In his letter, posted on the Planet Rock website, he points out the station is still available free of charge 24 hours a day and the additional content is there for people to purchase or not as they choose.
“I am not a fat cat. If I was I would have kept my money in my pocket, stayed at home with my wife and children and been 3 million pounds better off. The team at Planet Rock remain dedicated to providing our listeners the highest quality service possible both on and off air and will continue to do so.”
The station announced on June 11th that is was planning to charge £5 a month for a VIP club, which will provide listeners with extra ad-free programmes and content online.
At the time, Malcolm was quite open about offering the service to help the station survive. He said: “The world is changing and Planet Rock has to change with it. We are asking our family of listeners to help us make that change and secure the future of their favourite radio station.”
From the Digital Spy website
BBC developing ‘3D radio’ technologyPublished Tuesday, Jun 12 2012, 11:07 BST | By Tom Eames |
The BBC are reportedly developing a new ‘3D radio’ sound for its stations.
Researchers at BBC R&D have been looking into acoustics that can make the listener feel like they are actually at concerts by making the sound come from all directions, including above and below them.
The BBC’s sound effects department would be able to further increase the quality of their output, by making sounds seem like they are rising or falling around the listener.
Engineers say that the technology will allow listeners to receive the 3D effects from their existing equipment, without the need to buy new products.
Frank Melchior, lead technologist for audio with BBC R&D, told The Telegraph: “We want to deliver a new experience to the audience that gives them more immersion and involvement in the content.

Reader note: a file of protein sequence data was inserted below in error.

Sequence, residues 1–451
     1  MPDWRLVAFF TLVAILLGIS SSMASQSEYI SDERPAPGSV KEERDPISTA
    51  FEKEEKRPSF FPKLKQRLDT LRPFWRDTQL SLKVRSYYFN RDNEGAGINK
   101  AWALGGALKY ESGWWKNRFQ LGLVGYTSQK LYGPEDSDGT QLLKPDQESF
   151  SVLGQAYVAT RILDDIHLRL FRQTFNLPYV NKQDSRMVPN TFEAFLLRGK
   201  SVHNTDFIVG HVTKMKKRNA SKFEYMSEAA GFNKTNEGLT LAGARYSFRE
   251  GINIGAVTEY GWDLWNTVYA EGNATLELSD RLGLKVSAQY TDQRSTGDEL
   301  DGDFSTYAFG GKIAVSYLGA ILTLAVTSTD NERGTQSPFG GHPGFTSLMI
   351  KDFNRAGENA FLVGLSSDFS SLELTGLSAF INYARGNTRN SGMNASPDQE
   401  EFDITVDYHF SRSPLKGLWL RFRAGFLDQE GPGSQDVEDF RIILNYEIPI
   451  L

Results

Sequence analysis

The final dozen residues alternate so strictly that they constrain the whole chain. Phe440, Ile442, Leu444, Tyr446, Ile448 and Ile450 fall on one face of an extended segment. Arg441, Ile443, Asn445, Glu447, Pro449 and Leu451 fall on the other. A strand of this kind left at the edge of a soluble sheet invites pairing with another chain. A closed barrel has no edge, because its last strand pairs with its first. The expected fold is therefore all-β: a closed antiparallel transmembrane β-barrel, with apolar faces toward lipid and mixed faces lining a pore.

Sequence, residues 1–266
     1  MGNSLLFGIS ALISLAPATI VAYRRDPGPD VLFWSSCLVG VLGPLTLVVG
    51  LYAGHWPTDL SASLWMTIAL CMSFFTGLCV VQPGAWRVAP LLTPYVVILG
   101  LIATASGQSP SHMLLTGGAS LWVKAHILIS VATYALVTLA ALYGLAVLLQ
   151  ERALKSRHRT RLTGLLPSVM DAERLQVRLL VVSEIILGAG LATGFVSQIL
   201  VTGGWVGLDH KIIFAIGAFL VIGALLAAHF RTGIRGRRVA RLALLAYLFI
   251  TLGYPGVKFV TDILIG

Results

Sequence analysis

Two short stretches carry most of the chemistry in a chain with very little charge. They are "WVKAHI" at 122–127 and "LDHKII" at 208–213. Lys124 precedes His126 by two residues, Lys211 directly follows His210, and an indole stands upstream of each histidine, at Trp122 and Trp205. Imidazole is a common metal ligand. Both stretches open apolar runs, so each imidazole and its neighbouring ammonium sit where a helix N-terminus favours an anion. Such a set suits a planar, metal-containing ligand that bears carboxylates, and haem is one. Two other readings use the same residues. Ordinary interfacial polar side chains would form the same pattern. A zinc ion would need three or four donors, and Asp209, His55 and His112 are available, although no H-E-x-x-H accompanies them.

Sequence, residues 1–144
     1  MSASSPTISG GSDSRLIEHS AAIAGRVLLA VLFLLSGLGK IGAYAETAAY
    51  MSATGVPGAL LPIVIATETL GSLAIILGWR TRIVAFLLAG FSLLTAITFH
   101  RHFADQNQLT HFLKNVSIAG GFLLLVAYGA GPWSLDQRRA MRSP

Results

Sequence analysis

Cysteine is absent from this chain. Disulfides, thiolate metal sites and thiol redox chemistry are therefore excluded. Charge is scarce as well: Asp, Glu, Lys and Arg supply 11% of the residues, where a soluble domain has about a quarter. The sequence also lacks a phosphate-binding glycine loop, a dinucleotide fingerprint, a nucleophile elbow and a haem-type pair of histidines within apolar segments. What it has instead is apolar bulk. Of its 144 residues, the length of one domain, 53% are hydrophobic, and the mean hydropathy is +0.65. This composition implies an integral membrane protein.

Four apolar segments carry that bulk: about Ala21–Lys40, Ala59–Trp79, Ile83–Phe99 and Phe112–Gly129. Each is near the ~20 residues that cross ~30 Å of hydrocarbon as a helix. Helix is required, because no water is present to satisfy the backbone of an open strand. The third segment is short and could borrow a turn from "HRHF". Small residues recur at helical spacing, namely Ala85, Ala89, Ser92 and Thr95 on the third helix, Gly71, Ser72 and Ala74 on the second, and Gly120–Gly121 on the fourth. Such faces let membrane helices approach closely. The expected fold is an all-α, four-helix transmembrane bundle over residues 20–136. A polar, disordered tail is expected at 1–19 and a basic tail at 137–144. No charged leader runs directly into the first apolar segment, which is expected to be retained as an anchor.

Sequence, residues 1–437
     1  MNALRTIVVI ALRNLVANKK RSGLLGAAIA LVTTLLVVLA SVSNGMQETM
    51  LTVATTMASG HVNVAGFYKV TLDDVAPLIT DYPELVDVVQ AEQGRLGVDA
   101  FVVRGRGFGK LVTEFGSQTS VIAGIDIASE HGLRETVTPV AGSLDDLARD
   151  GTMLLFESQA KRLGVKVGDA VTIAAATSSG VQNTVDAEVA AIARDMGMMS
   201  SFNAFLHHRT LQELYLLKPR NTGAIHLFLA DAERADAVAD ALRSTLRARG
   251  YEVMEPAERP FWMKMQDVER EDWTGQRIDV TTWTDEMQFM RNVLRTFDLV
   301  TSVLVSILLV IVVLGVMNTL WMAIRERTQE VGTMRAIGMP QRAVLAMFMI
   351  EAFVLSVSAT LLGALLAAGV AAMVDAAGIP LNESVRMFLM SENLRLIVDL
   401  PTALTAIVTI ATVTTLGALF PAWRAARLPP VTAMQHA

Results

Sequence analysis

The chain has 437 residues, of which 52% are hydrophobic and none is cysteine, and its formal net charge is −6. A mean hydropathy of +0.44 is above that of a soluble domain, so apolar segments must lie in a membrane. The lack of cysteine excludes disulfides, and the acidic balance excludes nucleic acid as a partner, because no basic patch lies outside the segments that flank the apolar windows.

“We also have to make sure we are flexible enough in the delivery of this content. It has to sound okay on headphones as well as on speakers.”
BBC Radio 4 had previously fooled listeners by asking them to hold their hands in front of their faces to hear the effect of 3D radio on April Fools’ Day last year.
However, a research paper from BBC R&D reveals that 3D audio could actually exist, by tricking a listener’s brain into hearing sounds from below and above them, as well as the usual stereo sounds.
Engineers have already tried out the new system with pre-records of the Last Night of the Proms, an Elbow concert and a radio play of the Wizard of Oz.
Anthony Churnside, co-author of the BBC R&D research paper, said: “There are a number of ways to create 3D sound. There are psychoacoustic tricks that can make you perceive sound from above and below.
“With the Wizard of Oz we concentrated on a couple of scenes including the tornado when it takes the house away. Suddenly we had mooing cows thrown up into the air, and the wind could be all around you. With 3D sound you have every direction to play with so you can be really quite creative.
“For an orchestra or a live event, the majority of the sounds come from the stage in front of you, but the sense of immersion comes from the sound bouncing off the roof and the walls.”
He added: “The final solution will probably be a hybrid of the technologies so that we can record, produce, broadcast and listen to the audio in the most flexible way.”
The new techniques could also help improve the sound quality of future 3D television broadcasting.